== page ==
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South of the Border, and Much Further South

New films from Mexico and Chile dazzle at Cine Las Americas

By Michael Agresta, 1:04PM, Mon. Apr. 28

For the past 17 years, Cine Las Americas has brought the latest films from Latin America (plus Native America, Spain, and Portugal) to screens in our city. This year, two of the fest’s best come from either end of that vast geographical range. Both demonstrate that Latin American cinema is in the midst of an exciting boom of new, independent visions.


Heli
courtesy of www.cinelasamericas.org

Amat Escalante’s Heli offers a glimpse just over the border into an unnamed northern Mexican town afflicted by narco violence. The film’s protagonists – blue-collar auto plant worker Heli (Armando Espitia) and his pre-teen sister Estela (Andrea Vergara) – are innocents who don’t recognize the trouble they’ve stumbled into until it’s already too late. In an instant, their world is turned upside down. Soon they must acquaint themselves with the subterranean Mexico of unmarked military SUVs, banally evil torture chambers in slummy living rooms, and police investigators who might be either corrupt or powerless.

It’s a devastatingly effective narrative technique. We can’t help but identify with Heli, and with so many innocent Mexicans, many of them poor and working-class, who have been pulled into similar narco hells over the past decade. The warm naturalism of the film’s first third gives way to much darker but still idiosyncratic and observant details that make this real-life nightmare all too believable. Heli may go down as one of the best, most empathic treatments of the epochal social cataclysm that is the Mexican Drug War.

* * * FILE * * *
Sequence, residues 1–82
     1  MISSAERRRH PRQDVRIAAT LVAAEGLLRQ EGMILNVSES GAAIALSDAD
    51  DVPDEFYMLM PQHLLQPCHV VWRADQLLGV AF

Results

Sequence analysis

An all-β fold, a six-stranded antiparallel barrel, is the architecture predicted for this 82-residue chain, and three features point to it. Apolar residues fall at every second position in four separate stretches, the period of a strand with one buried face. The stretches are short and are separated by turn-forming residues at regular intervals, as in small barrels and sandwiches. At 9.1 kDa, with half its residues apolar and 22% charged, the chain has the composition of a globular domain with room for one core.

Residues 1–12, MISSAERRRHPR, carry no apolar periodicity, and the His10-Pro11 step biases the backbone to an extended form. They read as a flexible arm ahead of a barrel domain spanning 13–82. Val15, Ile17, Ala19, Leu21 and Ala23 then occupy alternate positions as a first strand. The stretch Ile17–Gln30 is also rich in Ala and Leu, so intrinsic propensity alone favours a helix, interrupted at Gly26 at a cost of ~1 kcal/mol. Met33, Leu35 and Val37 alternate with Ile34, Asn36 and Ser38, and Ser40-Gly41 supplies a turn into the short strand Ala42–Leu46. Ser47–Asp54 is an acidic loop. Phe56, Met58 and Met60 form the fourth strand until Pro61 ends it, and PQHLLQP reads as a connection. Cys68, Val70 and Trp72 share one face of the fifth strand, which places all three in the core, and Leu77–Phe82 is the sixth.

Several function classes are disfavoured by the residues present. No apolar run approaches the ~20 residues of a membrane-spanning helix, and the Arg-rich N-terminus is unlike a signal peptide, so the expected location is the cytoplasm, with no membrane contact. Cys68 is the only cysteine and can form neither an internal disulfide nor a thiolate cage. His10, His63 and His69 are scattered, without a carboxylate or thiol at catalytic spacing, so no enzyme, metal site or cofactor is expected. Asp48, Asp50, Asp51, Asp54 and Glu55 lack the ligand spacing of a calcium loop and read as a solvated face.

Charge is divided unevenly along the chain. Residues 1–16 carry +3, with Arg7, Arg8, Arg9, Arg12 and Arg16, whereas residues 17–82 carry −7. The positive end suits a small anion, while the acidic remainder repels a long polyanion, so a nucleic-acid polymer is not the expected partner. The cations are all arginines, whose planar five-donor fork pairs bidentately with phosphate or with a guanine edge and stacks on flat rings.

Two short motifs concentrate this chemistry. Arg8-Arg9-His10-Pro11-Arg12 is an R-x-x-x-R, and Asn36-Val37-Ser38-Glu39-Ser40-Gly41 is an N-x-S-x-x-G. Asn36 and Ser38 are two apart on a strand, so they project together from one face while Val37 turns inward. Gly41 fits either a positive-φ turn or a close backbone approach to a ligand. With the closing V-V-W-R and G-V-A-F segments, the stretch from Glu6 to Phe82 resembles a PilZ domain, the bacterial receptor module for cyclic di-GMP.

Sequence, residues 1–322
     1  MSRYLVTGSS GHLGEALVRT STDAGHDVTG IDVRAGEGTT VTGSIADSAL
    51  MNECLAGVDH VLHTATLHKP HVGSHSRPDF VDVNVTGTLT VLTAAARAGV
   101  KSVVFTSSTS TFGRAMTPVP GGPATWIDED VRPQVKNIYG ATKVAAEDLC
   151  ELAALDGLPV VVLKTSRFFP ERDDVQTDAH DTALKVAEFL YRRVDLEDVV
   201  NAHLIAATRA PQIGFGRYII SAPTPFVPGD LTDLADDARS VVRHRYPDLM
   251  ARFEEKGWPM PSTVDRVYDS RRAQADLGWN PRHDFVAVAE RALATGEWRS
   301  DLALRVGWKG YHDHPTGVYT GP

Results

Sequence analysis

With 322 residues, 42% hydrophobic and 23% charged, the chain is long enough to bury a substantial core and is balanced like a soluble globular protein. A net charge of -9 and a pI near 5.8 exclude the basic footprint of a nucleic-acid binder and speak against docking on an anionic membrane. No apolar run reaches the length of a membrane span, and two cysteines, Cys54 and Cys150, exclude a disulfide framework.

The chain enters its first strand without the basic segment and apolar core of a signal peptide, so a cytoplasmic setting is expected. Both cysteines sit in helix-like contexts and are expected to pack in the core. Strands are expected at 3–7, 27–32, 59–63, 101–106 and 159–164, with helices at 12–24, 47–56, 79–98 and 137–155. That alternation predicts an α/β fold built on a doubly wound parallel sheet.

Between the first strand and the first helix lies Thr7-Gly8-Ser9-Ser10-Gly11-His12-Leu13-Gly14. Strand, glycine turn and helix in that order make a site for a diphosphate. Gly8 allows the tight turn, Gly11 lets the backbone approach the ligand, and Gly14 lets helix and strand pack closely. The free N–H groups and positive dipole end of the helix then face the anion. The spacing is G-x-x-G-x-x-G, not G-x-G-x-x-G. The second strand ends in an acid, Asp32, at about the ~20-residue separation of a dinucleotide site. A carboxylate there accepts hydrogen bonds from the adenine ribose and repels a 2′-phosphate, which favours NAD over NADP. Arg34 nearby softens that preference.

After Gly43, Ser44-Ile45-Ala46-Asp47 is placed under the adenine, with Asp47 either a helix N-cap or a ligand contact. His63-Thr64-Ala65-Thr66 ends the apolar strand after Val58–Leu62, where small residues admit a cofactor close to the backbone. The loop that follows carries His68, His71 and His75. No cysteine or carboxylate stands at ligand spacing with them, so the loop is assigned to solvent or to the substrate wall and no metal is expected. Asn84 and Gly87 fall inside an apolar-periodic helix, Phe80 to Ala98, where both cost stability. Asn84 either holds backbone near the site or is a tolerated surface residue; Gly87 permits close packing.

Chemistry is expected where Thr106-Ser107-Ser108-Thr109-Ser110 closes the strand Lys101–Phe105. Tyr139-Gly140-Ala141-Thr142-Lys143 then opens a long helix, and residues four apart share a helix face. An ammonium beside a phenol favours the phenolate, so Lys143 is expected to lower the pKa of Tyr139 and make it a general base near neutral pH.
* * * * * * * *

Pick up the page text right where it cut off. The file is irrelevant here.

El verano de los peces voladores
courtesy of www.cinelasamericas.org

All the way at the other end of Latin America, Marcela Said’s El verano de los peces voladores (Summer of the Flying Fish) tells the story of Manena (Francisca Walker), a teenager summering on her upper-class family’s estate in Southern Chile. Never precisely setting narrative stakes but deftly piling on minor incident after minor incident, Said paints a picture of a world not quite right, shrouded in mist and wariness. The principle injustice involves Manena’s family’s relationship to the surrounding Mapuche Indians, who claim use of the estate’s land as traditional hunting grounds.

Said never forgets that her protagonist is a teenager with more pressing concerns, like romance. The specifics of the racial and social conflict are kept just out of focus, often alluded to or left unsaid. With Manena, we have the option of putting the pieces together or preferring the lazy innocence of privilege. It’s a work of impressive subtlety, perhaps most so in its ability to keep us spellbound by mood and vague tension even when we, like Manena, can’t quite tell if this is the way things have always been, or if the situation is about to spin dangerously out of control.


The 17th annual Cine Las Americas International Film Festival ran April 22-27.

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